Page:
The City of Fullerton, home to California State University Fullerton, has been utilizing GIS software to map and track a number of community indicators and assist with the function of other city departments including fire and police services. Having access to updated data including detailed demographic information, transportation infrastructure, and the locations of existing community services and businesses, allows the city to quickly access information to inform prospective business owners and determine the need for additional city investments.

Why it works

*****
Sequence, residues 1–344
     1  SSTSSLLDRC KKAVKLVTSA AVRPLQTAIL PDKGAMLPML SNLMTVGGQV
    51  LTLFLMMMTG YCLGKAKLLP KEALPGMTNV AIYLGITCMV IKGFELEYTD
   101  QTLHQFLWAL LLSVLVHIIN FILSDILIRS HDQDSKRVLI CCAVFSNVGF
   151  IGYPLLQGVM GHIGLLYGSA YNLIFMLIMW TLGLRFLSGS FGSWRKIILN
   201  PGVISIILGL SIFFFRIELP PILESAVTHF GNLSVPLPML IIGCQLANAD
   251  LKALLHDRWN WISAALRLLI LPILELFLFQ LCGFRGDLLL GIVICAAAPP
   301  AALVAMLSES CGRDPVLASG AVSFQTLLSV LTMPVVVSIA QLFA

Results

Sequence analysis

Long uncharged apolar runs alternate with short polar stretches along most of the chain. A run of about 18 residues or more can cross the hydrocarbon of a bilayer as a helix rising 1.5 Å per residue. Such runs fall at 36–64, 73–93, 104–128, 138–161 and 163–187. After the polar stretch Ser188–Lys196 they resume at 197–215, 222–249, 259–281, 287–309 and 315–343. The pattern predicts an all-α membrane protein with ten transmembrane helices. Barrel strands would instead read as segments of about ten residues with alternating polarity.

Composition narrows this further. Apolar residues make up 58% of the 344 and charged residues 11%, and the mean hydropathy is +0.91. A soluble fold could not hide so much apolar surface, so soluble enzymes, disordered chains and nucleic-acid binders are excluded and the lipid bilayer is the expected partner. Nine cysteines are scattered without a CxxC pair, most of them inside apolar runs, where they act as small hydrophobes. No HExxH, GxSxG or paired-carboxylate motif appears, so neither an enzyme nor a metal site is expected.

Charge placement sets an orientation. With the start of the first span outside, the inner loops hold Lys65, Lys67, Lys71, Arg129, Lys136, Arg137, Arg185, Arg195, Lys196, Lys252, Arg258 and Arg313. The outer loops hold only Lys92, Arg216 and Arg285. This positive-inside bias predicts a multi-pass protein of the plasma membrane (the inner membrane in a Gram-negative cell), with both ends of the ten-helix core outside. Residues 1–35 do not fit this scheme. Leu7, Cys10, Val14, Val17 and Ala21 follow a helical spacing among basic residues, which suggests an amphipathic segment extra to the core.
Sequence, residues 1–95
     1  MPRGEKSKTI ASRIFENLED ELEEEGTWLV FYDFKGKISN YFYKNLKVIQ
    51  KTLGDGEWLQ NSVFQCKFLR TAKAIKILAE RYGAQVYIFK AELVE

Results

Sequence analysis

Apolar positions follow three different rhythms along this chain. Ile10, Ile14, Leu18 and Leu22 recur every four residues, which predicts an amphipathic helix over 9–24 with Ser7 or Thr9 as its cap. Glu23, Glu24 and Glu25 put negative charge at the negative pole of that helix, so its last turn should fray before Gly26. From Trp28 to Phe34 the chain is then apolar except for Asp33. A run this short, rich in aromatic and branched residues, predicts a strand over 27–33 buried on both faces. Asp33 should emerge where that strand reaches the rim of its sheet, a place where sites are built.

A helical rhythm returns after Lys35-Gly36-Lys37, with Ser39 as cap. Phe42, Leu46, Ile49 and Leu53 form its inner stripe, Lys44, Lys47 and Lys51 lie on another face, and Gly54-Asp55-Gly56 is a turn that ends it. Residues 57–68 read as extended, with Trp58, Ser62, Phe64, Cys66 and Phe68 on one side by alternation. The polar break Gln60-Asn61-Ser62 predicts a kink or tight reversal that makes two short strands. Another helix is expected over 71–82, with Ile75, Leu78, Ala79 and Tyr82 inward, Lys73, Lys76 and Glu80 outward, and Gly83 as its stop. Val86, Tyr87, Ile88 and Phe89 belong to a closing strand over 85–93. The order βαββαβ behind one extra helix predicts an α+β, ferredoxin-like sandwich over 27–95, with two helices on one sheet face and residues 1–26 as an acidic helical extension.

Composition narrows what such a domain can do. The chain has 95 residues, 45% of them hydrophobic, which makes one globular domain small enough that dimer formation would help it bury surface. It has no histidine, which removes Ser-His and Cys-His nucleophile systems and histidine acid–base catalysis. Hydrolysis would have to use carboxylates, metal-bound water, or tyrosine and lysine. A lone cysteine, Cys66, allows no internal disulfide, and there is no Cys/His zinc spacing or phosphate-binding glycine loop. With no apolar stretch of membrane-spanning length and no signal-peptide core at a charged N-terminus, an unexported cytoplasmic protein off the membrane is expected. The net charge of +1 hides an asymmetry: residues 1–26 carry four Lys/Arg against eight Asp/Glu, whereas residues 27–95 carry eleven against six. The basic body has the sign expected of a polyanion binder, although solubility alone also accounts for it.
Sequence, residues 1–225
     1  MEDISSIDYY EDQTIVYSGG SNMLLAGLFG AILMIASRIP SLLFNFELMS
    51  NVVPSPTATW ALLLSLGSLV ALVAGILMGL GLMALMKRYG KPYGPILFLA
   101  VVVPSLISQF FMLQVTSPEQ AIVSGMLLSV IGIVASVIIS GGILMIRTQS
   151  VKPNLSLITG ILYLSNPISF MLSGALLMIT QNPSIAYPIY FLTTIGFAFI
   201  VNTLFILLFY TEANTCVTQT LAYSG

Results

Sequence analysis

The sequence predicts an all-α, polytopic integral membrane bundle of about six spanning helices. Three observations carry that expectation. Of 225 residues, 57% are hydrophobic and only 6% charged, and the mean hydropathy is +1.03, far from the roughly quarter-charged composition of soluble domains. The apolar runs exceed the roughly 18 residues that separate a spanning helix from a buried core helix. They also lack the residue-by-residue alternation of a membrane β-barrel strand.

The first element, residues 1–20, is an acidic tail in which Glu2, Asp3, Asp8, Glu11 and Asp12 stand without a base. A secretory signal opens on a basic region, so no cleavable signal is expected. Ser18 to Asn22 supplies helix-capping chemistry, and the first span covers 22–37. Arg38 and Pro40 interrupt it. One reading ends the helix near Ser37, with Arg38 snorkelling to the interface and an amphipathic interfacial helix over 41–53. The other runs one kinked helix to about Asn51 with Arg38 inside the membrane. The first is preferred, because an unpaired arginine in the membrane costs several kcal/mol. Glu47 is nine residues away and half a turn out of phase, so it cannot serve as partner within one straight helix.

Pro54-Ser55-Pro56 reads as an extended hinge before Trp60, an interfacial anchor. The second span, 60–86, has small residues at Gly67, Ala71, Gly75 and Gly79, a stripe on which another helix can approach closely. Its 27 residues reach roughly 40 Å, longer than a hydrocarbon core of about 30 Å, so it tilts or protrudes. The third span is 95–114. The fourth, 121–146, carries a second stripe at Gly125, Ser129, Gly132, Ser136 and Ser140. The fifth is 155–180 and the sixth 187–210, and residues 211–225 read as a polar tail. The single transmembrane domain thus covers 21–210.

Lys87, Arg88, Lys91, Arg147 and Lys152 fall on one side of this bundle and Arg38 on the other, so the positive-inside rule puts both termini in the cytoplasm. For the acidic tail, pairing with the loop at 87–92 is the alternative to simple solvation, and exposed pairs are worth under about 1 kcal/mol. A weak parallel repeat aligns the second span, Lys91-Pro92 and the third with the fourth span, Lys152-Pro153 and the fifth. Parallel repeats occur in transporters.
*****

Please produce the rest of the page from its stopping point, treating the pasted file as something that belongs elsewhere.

Most recently, the city began using Esri’s Community Analyst GIS software to analyze visitor population during daytime and evening hours to help businesses and developers determine where they should open new retail locations within the city. This analysis has helped the city attract new businesses to areas where their customers already shop or reside. The city has also used GIS analysis to determine where new parks are needed and to apply for grant funding utilizing the demographic and geographic analysis of the area. Utilizing regularly updated GIS data allows the city to quickly access detailed information about specific geographic areas. This makes it easy to make better, more informed decisions.